World War II veteran stays busy as school crossing guard

At 92, Garrett says part-time job better ‘than sitting at home’


OAKLEAF – It was unseasonable cold, and the wind made it even more uncomfortable when Mel Garrett backed his car into a power station driveway last week on Cheswick Oak Avenue.

But children walking and riding bikes home from Argyle Elementary still got a warm welcome from a 92-year-old World War II veteran as they crossed the busy crosswalk at Spencer Plantation Boulevard.

“I tell every one of them ‘Have a good day’ when they go to school and ‘Have a good evening’ when they go home,” Garrett said. “I always greet them with a hello.”

The children are just as fond of him. Students prepared dozens of handwritten birthday cards for his 92nd birthday earlier this month. Other children who ride home from school often roll down their windows and wave.

“You get to know all of them,” Garrett said. “It puts a smile on my face.”

Garrett enlisted in the U.S. Army when he was 17. He was sent to Japan as part of the occupation force at the end of World War II. He worked security most of his life before joining his brother-in-law, who retired on Fleming Island, in Clay County.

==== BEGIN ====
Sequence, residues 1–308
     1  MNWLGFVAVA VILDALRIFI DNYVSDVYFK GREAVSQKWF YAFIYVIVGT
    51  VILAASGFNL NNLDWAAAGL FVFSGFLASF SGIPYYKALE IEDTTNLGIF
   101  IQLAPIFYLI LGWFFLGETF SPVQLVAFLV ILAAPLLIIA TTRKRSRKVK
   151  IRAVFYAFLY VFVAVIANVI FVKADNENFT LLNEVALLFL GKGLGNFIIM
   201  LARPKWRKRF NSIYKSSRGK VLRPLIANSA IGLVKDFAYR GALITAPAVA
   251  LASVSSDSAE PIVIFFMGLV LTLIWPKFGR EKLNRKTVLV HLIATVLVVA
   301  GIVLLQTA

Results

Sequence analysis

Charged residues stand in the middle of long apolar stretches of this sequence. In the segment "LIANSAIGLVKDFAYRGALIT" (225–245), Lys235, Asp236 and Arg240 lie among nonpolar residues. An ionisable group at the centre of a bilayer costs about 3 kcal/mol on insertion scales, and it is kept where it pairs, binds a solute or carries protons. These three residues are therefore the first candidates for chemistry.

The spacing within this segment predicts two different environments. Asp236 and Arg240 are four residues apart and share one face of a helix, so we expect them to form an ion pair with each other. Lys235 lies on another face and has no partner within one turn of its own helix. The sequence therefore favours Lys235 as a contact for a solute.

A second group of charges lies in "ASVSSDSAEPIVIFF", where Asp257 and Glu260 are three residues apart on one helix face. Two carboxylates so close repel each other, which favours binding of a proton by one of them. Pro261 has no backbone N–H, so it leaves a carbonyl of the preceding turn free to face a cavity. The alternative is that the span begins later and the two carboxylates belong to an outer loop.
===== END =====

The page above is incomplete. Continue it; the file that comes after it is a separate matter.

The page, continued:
But he wasn’t ready to quit.

“I can’t just sit there and watch television,” he said. “You should be doing something that keeps your mind and your body active. That feeds your energy. I’ve always had something to do. This was something else other than sitting at home.”

Garrett has worked for the Clay County Sheriff’s Office for seven years. His post includes one of the busiest roadways in the Oakleaf area, and traffic soon will double when construction to extend Cheswick Road is completed.

Garrett isn’t sure how many more years he will blow his whistle, stroll into traffic and help children safely cross the road – all for $22.26 a day. But one thing is for sure: he’s going to stay busy.

“Standing out here in the heat isn’t something isn’t a good choice for a 92-year-old,” he said. “But it gives me a couple hours a day. And I get weekends off. I believe if you keep your brain and your muscles strong, you can do anything. There are times when I think maybe it’s time for someone else to do this job, then I think as long as I’m healthy, why not? Right now, I’m taking it one year at a time.”

Garrett said he eventually wants to do volunteer work with his wife.

“I like to do a lot of things,” he said. “Slowing down isn’t one of them.”


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